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BJC's Gay Japan

General Info - Survival Gay Japanese - Meeting Japanese Men
Gay Kyoto - Gay Osaka

General Info

Let me be completely honest.  Japanese gay culture is not easy to become a part of.  It took me many years before a found a 'place' there. Like many aspects of Japanese culture, if you're not Japanese, you will always be an outsider.  That being said, however, there is lots to enjoy in Japan, and this page is your mini-guide to making the most of your stay, particularly in the Kansai area.  

Click on this link for a candid
article about one visitor's
impressions of gay life in Japan.
Very informative and helpful.

'Types' are quite important to Japanese gay men. If you visit a gay bar, you will likely be asked what your 'type' is. Type is sen in Japanese, so a 'chubby-chaser' would be known as debu-sen. These are the main 'types':
 

Lon-ge Long hair
Sa-fa- Surfer - tanned, long-haired
Japanese 'hunks'
Tanpatsu Short hair
Debu Chubby
Chibi (Mame) 'Small' size
Jyani-zu "Johnny's" - this refers to the cute boys in the various Japanese boy bands, such as Arashi or V6, produced by "Johnny's Jimusho"
Be-ya Bear
Kawaii Cute
Gatchiri
Muscleman/buffed up
Just for the record, my type is kawaii tanpatsu no chibi--cute little guys with short hair.

Gaijin

If you are a Westerner (and particularly if you are Caucasian) you should be aware that you are a 'gaikokujin' or 'gaijin'--a foreigner. Of course, everyone who is not Japanese is a 'gaijin', but the ones of us who stand out are most readily placed in this category. Some Japanese boys are self-proclaimed gaisen, which is the Japanese equivalent of 'potato queen'--Asian boys who like Westerners. On the other hand, some Japanese have absolutely no interest in foreigners, so you may be snubbed for that very reason. One possible explanation for this love/hate relationship may stem from the fact that foreigners are rumoured to be very well-endowed. Hmmm. Let it be said here that while many Japanese boys proclaim to be 'small', this is certainly NOT always the case (just so you know).

You should not let this potential bias deter you. There are lots of kind Japanese men who, even if they are not gaisen, are pleased to chat with a foreigner. Take a chance, take your time, and have fun!

 


Survival Gay Japanese

Below is some Japanese vocabulary and English equivalents. Some of these words would have come in very handy if I had learnt them much much sooner...

Konnichiwa Hello Can be used any time of the day or night.
Konbanwa Good evening. Generally used after about 5pm.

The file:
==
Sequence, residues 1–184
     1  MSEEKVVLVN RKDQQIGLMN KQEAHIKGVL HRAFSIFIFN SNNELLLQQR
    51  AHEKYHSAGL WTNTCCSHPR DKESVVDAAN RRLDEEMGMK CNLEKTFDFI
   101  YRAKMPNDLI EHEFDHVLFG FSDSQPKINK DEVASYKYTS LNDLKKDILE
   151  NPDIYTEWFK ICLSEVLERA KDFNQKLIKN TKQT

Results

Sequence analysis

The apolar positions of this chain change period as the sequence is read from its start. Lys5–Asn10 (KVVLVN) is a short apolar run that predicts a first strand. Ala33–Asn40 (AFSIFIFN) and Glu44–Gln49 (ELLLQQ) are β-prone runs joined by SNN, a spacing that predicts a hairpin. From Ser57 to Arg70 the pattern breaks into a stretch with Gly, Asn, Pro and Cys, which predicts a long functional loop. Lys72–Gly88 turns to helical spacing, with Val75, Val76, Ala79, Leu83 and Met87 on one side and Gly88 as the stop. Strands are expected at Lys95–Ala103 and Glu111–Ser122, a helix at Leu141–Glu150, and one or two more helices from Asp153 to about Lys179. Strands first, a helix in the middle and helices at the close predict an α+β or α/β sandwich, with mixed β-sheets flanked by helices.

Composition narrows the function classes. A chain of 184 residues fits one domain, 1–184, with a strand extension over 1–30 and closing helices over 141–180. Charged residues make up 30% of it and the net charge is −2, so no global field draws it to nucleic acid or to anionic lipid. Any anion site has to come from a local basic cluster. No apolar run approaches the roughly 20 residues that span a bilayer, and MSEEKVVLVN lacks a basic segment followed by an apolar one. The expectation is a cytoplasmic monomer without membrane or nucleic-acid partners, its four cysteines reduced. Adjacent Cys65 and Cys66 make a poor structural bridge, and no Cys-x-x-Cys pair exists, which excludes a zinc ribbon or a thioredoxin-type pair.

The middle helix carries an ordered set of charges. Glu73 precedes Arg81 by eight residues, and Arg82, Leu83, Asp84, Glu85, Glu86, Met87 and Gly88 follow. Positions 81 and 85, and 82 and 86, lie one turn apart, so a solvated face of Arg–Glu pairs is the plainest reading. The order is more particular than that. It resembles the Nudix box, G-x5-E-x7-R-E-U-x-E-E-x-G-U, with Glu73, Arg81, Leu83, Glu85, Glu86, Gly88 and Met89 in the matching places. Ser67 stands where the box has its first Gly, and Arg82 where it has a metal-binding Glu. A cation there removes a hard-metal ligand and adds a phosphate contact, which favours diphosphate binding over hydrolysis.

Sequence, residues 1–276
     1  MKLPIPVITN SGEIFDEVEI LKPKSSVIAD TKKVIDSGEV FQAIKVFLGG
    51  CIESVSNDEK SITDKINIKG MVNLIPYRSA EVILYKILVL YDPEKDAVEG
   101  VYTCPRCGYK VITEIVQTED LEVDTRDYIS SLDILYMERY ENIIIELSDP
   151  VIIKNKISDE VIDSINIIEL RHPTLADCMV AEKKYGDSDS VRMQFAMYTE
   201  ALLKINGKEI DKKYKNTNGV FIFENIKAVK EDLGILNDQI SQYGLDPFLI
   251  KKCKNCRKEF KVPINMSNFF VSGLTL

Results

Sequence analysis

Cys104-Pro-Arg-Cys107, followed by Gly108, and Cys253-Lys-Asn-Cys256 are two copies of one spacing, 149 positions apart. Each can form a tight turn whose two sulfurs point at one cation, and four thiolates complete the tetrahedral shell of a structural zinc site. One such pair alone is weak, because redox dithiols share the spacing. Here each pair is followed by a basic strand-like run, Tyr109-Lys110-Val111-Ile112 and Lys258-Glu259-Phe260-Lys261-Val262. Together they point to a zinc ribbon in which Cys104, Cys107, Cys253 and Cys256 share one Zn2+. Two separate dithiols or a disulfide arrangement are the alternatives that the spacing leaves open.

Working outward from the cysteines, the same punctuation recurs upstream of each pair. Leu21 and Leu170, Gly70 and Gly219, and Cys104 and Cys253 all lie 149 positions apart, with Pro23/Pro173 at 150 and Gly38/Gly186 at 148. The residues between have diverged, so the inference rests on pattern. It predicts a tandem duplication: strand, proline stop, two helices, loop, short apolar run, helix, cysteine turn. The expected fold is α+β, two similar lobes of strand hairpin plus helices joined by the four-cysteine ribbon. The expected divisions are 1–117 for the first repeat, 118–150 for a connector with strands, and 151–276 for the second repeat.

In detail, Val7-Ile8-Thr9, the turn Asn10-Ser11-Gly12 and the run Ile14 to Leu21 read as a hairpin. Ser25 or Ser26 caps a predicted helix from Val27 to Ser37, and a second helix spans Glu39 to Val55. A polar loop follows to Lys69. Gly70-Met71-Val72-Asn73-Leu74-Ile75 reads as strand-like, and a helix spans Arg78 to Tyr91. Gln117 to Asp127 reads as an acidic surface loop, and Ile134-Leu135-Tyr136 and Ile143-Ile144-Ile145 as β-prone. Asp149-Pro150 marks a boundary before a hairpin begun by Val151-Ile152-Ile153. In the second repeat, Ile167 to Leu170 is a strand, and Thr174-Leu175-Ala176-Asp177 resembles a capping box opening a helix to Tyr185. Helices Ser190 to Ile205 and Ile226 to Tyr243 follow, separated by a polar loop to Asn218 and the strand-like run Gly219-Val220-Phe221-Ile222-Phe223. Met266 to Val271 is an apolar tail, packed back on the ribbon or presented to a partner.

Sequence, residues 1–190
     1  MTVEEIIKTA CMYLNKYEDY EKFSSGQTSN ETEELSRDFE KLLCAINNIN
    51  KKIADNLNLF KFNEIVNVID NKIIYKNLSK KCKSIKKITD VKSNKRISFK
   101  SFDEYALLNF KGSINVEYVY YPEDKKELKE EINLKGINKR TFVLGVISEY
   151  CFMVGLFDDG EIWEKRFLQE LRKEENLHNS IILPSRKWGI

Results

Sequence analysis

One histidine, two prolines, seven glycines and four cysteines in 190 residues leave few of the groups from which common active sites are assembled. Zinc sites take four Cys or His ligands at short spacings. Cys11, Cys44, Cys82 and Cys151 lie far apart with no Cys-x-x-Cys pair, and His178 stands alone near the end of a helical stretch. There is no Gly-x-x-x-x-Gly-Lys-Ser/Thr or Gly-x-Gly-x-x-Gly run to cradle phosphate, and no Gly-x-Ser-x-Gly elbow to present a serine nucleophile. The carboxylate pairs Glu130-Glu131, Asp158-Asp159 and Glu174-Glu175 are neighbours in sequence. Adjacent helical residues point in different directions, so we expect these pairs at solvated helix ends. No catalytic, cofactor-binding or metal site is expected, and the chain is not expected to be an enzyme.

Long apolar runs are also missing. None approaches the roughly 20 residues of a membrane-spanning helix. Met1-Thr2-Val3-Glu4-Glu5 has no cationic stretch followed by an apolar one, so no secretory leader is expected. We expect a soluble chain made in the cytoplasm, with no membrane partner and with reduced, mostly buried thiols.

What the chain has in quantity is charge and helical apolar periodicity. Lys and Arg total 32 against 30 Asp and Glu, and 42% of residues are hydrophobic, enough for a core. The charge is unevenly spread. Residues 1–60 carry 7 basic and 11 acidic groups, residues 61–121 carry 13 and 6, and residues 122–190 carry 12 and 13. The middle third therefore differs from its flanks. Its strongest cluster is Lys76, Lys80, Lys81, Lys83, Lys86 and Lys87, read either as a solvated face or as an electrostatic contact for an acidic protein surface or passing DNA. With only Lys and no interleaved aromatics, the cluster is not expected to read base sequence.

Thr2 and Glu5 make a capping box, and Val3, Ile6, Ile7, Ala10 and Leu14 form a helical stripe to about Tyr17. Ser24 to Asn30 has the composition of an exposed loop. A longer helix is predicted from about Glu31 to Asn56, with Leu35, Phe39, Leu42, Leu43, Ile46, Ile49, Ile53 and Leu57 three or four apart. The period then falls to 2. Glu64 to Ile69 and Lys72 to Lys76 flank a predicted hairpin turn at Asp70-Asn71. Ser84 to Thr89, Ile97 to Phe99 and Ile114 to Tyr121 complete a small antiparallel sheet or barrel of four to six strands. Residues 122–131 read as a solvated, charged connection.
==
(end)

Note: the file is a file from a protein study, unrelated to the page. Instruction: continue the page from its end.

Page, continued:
Ohayo Good morning. Used in the morning, or when arriving at work.
Hajimemashite Nice to meet you. Obviously, used when you meet new people!
Sayonara
Farewell.
Although one of the most well-known Japanese words, it is rarely used except when you don't expect to meet someone ever again.
Mata ne
See you later!
A far more common thing to say when leaving someone's company.
Okama Lit. effeminate man Used by the general populous to mean 'fag'; rarely used by gay men, due to its negative connotations.
Neko Lit. cat Sexually 'bottom' or 'passive'
Tachi Lit. sword Sexually 'top'
Riiman Salaryman Businessmen or guys in suits
Gaisen Gaijin-lover/potato queen See above
Debusen Chubby boy lover See above
Okoge Lit. the burnt gunk at
the bottom of a rice pot
Fag hag--sorry girls, not much of a compliment but...
Hattenba Cruising spot See Cruising Spots
Nyu-hafu New Half Transsexual
Neruton No English equivalent that I am aware of

A kind of 'match-making' game held at gay nights.

For a scholarly essay on 'gay language' in Japan, please check out this link.

Meeting Japanese Men

As I mentioned above, getting involved in the Japanese gay scene takes a bit of effort. Here are some of my suggestions for meeting guys in Japan:

Clubs Probably the simplest and most straightforward way of meeting gay boys, but also very hit & miss. See links in Kyoto and Osaka.
Out & About A group of gay Japanese/foreign men who meet about once a month for events like hiking, visiting museums, etc. They usually gather in front of 'Big Man' at Hankyu Umeda Station on a Sunday afternoon. Check for postings in some of the magazines listed below.
Magazines Personal ads have been the mainstay of the Japanese gay scene for a long time. English personals can be posted / found in the English-language mags in Kansai: Kansai Flea Market (classified only); Kansai Time Out and Kansai Scene. The Japanese gay mag Badi (pronounced 'buddy') also has ads, but they are mainly in Japanese. There are several other Japanese-language gay magazines that can be found at gay shops.
The Internet I highly advocate this method of meeting boys, since it's how my boyfriend and I got together! The net has certainly outpaced magazines in the last several years. Check out my links page for some suggestions on where to look.
 
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